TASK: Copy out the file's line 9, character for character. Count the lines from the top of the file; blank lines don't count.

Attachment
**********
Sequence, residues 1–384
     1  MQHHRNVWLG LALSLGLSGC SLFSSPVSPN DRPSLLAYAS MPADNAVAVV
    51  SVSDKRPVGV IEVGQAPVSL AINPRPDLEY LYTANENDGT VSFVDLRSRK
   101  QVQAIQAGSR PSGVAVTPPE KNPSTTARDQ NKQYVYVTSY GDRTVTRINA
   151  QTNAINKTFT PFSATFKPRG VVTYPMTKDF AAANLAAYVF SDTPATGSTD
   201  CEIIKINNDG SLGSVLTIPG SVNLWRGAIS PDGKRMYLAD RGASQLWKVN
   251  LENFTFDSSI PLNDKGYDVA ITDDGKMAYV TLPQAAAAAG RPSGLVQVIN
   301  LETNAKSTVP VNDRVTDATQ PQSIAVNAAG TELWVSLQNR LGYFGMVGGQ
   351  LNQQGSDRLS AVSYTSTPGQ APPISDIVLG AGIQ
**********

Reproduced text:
   351  LNQQGSDRLS AVSYTSTPGQ APPISDIVLG AGIQ